We support legislation filed by state Sen. Pam Althoff that seeks to clear up any ambiguity in state law by giving municipalities zoning authority over school districts within their borders.
Althoff, R-McHenry, filed the bill in response to a legal dispute between the city of Crystal Lake and School District 155 over new bleachers erected last summer at Crystal Lake South High School.
As part of the project, the high school moved the home bleachers from the east side of the football stadium to the west side, which backs into the Amberwood Drive neighborhood. The new bleachers now tower over several homes. Homeowners filed suit against the district, claiming it did not get proper variances for the new bleachers from the city.
Crystal Lake city officials say the bleachers violate three zoning codes: they sit only 41 feet from homeowner’s property when it should be 50 feet or more; they are greater than 600 square feet, which requires a zoning variance; the press box and the top of the bleachers are too tall, which requires a height variance.
The school district claimed it did not need city approval. Its stance has been that it needs the approval only of the Regional Office of Education, which it received.
But in December, McHenry County Judge Michael Chmiel sided with homeowners and the city, and told the school district to go through the city’s zoning process. The district has since appealed.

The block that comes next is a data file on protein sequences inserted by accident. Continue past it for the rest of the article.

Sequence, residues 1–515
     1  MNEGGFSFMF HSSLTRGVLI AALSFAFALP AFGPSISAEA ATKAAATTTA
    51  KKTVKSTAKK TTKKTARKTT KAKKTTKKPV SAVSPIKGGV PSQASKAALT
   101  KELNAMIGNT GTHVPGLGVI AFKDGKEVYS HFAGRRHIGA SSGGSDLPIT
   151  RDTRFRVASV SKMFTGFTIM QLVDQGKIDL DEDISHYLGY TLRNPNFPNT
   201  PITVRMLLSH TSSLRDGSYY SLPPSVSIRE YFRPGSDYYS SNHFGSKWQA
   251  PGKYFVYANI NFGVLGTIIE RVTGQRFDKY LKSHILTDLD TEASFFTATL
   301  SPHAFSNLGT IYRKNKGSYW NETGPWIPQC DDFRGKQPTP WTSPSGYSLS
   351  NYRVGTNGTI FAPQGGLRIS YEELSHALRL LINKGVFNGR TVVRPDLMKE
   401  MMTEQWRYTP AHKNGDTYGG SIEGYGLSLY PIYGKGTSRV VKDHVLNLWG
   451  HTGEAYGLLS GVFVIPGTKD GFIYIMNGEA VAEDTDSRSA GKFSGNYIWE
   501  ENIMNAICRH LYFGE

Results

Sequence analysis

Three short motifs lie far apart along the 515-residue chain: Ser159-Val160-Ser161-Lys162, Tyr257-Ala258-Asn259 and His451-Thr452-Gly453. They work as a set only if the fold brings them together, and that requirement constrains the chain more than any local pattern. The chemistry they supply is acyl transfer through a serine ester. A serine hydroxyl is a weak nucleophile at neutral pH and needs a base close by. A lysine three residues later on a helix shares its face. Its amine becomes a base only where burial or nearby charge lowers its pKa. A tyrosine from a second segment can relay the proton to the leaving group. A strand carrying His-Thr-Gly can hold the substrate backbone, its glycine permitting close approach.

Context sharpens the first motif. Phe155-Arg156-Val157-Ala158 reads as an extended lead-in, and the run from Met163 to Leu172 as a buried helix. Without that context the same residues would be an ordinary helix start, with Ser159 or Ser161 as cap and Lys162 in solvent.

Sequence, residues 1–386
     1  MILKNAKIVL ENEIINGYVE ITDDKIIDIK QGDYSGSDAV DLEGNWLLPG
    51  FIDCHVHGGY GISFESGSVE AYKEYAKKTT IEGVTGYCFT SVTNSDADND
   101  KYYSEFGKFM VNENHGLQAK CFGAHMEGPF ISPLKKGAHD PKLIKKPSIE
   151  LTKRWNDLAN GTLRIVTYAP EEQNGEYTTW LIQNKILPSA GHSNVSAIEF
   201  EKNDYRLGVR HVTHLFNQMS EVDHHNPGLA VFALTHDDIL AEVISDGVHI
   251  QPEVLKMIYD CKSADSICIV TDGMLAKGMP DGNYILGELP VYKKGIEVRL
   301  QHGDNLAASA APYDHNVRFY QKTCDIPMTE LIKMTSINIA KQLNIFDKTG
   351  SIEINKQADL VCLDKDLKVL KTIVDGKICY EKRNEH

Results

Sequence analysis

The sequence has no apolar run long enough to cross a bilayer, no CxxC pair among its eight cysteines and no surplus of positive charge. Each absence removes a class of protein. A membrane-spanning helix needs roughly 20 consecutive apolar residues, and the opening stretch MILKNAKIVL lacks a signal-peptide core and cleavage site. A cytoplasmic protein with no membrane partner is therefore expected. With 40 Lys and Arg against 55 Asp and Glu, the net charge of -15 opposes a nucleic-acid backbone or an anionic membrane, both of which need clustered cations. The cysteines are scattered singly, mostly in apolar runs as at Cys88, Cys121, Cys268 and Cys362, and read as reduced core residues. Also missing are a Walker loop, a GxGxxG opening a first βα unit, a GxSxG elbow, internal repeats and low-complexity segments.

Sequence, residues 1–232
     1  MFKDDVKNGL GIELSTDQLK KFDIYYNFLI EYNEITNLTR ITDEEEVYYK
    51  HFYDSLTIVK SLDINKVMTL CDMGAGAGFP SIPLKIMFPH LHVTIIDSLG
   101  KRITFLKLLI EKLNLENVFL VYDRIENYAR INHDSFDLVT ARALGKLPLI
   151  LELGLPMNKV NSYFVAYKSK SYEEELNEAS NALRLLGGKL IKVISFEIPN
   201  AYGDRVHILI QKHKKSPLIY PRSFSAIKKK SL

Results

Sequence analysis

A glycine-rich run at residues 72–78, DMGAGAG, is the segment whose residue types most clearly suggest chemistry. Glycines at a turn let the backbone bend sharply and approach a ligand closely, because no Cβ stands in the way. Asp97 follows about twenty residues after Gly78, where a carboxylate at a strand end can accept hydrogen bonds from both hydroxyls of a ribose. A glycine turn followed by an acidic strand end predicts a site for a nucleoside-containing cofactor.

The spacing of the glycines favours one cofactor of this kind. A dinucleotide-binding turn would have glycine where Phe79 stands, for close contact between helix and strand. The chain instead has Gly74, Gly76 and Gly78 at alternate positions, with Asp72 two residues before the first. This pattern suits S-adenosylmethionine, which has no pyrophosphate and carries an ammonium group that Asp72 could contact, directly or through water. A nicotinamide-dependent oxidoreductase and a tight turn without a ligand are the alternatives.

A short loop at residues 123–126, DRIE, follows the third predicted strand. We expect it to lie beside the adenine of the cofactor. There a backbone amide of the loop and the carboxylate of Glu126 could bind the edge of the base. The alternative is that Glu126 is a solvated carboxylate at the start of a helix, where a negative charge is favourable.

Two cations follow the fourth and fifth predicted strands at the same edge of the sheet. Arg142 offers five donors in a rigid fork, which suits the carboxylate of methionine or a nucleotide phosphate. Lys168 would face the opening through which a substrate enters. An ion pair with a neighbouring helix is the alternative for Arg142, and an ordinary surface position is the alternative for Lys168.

Althoff said the Crystal Lake legal battle is just one of many that have popped up throughout the state in recent years. She said current state law regarding such matters was written decades ago and is not completely clear.
“It was written intentionally to be a little gray so communities could have flexibility on how they wanted to work with school districts, but that’s when life was simpler,” Althoff told the Northwest Herald for a story published last week. “Now some schools want to build wind turbines to reduce energy costs. We never anticipated that when school code was written and revised.”
Althoff’s bill is not vague. It states that “a school district is subject to and its school board must comply with any valid local government zoning ordinance or resolution that applies where the pertinent part of the school district is located.”
We urge lawmakers to pass it.